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I Wanna Be Free (The Monkees song)

“I Wanna Be Free” is a song written by Tommy Boyce and Bobby Hart that was first performed by The Monkees and appeared on their debut album The Monkees in 1966. It was released as a single in some countries, reaching the Top 20 in Australia. It was also covered by The Lettermen.

Boyce and Hart wrote “I Wanna Be Free” for the Monkees before the group was even put together.[1] Along with “(Theme from) The Monkees” and “Let’s Dance On,” it was one of the first songs written for the group.[1][2] It was also the only song written for the Monkees’ first album which was not written under deadline pressure.[3] According to Allmusic critic Matthew Greenwald, the song was an attempt by Boyce and Hart to write a song like The Beatles’ “Yesterday.”[4] Like “Yesterday,” the instrumentation for “I Wanna Be Free” incorporates a string quartet.[5][6] The instrumentation also incorporates acoustic guitar and harpsichord.[6] Davy Jones sang the vocals.[4][6]

A faster version of the song was recorded with Micky Dolenz sharing the vocals with Jones.[6] This version appeared in the TV series and as a bonus track on some releases of The Monkees.[6]

The song appeared in a number of episodes of The Monkees TV series, including the pilot episode and “Success Story.”[7] It was also included on the Monkees’ debut album, in part to insure that the album included a gentle ballad.[1] Since then, it has appeared on many Monkees’ compilation albums, including Colgems’ The Monkees Greatest Hits, Barrel Full of Monkees, Arista Records’ The Monkees Greatest Hits, Rhino Records’ Greatest Hits, The Monkees Anthology and The Best of The Monkees.[4] It also appeared on the live albums Live 1967 and Summer 1967: The Complete U.S. Concert Recordings.[4]

Allmusic’s Matthew Greenwald calls the song a “positively beautiful and wistful statement of teenage coming of age” and also praises its melody.[4] Greenwald also considers the song important in helping the Monkees gain a pre-teen audience, noting that Jones’ “angst-filled” live performances of the song were especially effective at eliciting emotional responses from the girls in the audience.[4] Fellow Allmusic critic Tim Sendra finds the song “achingly sweet, even a little soulful in a very British way.”[8] CMJ New Music Monthly author Nicole Keiper referred to the song as “heavenly.”[9] However, Digital audio and compact disc review magazine referred to the song as an “inconsequential teeny ballad.”[10]

According to Boyce, “I Wanna Be Free” was Jimmy Webb’s favorite song and even inspired the song “By the Time I Get to Phoenix,” which Webb wrote for Glen Campbell and which became a top 10 hit on the country music charts in 1967.[11]

I’ll Be Back Up on My Feet

“I’ll Be Back Up on My Feet” is a song by Sandy Linzer and Denny Randell, which was recorded by The Monkees during the 1960s.

The first Monkees version of the song was recorded on October 26, 1966, during the period when the band did not perform their own instruments as much on their recordings. This version was produced by Jeff Barry, and was used in a first-season episode of their series (“Dance, Monkees, Dance” and “In the Ring”; the show’s credits mistakenly list the title as “I’ll Be Back On My Feet Again”). The record was slated to be included on More of the Monkees, but was pulled from the album’s lineup, and never originally released.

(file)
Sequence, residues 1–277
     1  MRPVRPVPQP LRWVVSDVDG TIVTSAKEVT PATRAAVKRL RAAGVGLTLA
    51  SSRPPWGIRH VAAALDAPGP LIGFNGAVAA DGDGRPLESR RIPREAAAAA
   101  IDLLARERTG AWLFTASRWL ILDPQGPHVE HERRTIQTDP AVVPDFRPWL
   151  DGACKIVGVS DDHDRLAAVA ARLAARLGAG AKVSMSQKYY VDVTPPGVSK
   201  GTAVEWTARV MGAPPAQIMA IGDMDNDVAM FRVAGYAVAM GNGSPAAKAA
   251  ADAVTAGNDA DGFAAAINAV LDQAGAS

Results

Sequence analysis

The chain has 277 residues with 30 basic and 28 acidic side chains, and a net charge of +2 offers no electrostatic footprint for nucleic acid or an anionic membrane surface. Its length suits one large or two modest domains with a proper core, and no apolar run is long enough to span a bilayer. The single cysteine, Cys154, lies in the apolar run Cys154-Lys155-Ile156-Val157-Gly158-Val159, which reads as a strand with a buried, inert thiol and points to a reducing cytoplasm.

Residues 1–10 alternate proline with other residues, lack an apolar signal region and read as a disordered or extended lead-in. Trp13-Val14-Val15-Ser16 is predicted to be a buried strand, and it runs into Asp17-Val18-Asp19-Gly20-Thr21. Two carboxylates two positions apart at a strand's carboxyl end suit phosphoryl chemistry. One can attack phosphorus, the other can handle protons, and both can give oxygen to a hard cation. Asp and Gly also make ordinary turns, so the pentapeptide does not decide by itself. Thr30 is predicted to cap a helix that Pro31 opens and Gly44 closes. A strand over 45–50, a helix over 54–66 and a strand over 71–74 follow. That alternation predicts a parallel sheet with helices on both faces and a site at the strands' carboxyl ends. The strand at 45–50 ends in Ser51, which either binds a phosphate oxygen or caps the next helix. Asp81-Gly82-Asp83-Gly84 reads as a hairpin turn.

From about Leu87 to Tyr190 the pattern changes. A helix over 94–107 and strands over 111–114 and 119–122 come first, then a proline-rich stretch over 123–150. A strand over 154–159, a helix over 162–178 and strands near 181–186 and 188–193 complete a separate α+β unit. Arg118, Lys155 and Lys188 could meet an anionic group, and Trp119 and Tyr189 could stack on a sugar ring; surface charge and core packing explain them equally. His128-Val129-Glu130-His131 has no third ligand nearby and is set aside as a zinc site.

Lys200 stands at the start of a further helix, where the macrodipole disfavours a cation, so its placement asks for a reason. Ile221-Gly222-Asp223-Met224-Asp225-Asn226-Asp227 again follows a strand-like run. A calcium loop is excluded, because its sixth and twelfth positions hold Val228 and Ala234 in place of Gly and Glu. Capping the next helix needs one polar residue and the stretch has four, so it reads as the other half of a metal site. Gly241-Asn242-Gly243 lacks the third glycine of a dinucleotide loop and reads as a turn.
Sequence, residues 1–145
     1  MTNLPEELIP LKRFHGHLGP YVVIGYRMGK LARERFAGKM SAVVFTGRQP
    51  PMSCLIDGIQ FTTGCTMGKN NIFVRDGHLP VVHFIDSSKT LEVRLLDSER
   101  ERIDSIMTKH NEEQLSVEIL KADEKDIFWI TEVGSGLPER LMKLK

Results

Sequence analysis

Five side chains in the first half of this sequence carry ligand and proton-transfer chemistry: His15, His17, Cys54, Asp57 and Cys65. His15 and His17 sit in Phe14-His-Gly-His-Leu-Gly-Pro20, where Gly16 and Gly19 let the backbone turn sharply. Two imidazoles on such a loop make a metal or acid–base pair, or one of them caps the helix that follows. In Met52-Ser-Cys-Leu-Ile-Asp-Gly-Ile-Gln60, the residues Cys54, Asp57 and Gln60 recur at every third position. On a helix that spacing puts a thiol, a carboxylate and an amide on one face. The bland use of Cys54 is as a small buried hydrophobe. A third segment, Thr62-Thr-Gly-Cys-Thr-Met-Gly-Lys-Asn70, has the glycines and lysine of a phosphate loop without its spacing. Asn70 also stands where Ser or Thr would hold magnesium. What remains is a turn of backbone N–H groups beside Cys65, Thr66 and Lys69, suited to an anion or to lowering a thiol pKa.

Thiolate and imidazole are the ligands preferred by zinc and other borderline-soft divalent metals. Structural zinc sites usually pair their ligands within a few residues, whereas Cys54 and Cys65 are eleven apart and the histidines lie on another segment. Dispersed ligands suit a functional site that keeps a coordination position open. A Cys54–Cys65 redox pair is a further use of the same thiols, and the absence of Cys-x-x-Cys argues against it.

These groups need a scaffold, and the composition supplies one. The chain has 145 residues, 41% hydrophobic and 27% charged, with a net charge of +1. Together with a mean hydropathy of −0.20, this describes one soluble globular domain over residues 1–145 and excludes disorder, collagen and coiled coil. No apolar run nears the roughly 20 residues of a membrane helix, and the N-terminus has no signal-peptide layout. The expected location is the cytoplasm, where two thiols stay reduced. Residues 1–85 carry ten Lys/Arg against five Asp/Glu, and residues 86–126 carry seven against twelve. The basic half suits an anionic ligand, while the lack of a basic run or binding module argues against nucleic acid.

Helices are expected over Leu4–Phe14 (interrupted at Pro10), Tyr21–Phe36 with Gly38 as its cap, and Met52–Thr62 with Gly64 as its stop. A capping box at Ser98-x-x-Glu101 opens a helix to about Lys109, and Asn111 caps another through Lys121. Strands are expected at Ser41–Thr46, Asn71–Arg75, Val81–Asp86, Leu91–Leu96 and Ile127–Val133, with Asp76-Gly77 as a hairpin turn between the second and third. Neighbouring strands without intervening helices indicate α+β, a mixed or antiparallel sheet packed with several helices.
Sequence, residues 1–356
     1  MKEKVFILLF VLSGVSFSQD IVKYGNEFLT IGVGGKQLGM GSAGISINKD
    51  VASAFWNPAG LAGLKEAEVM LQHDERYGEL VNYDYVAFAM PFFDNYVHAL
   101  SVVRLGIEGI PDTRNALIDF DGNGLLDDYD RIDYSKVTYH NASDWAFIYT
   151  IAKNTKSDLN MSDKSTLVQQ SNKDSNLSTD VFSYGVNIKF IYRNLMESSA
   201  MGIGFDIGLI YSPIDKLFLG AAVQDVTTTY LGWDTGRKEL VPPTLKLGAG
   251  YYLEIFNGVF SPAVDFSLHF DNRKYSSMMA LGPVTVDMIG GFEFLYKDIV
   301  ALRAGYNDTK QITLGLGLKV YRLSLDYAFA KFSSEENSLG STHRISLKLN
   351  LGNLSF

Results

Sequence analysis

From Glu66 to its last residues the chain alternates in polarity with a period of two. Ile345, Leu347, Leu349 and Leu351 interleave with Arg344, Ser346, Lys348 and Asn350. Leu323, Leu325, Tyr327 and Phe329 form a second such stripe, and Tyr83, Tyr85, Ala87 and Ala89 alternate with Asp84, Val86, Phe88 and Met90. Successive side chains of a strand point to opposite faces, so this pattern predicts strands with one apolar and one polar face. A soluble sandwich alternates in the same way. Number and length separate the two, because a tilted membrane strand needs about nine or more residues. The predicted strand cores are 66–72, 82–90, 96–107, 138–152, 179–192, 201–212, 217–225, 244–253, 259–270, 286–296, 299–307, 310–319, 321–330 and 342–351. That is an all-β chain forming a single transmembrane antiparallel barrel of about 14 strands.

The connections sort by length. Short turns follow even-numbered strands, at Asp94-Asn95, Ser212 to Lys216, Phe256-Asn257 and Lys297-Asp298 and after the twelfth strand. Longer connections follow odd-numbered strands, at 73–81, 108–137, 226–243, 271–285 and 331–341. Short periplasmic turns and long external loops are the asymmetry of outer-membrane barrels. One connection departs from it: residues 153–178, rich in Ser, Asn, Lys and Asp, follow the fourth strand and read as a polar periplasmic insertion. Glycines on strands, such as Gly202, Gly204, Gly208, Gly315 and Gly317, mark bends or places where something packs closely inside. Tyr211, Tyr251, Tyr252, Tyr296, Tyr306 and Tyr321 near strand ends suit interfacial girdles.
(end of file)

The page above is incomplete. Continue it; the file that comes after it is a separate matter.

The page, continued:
During 1967 and 1968, the Monkees remade several of their earlier songs, including “Valleri” and selections that appeared on their Headquarters album, after the band had graduated to playing more of their own instruments on record. During sessions for their Pisces, Aquarius, Capricorn & Jones Ltd. album, the Monkees tried a remake of “I’ll Be Back Up on My Feet”, but did not complete it.

The next version of the song was recorded on March 9 and March 14, 1968, after the Monkees had become their own producers. It was markedly different from their first version, including the use of a brass section and an extra chord change (from D Major to D minor, where the first version had stayed on D Major). This version appeared on their 1968 album The Birds, The Bees, & The Monkees.

The original recording was finally released in 1990, as part of the compilation album Missing Links, Volume II, which featured many of the “television versions” of the Monkees’s songs.

Yes I Will

“Yes I Will”, also known as “I’ll Be True to You”, is a song written by Gerry Goffin and Russ Titelman. The song was first recorded in 1964 by British Beat group The Hollies who released it as a single in January 1965 where it peaked at number 9 in the United Kingdom.[2] Two versions of this song were released by the Hollies. An alternate take with prominent acoustic guitars and a different intro was included on the band’s 1968 Greatest Hits album in the UK since the original single version was only available as a mono mix, and EMI wanted all tracks in stereo, for which only the alternate take existed. This is often described as an “erroneous” version because it does not reflect what was heard on the single. Other examples of this practice include Stay from 1963 in which the famous guitar solo in the middle-eight was recorded live as the mono mix was being made, meaning the stereo version has a different solo, the one that was previously recorded on the multi-(4) track studio tape. A version of the song titled “I’ll Be True to You” was recorded by The Monkees and included on their 1966 self-titled debut album. Australia’s Twilights also recorded a version on their eponymous 1966 album.

(I’m Not Your) Steppin’ Stone

“(I’m Not Your) Steppin’ Stone” is a rock song by Tommy Boyce and Bobby Hart. It was first recorded by Paul Revere & the Raiders and appeared on their album Midnight Ride, released in May 1966.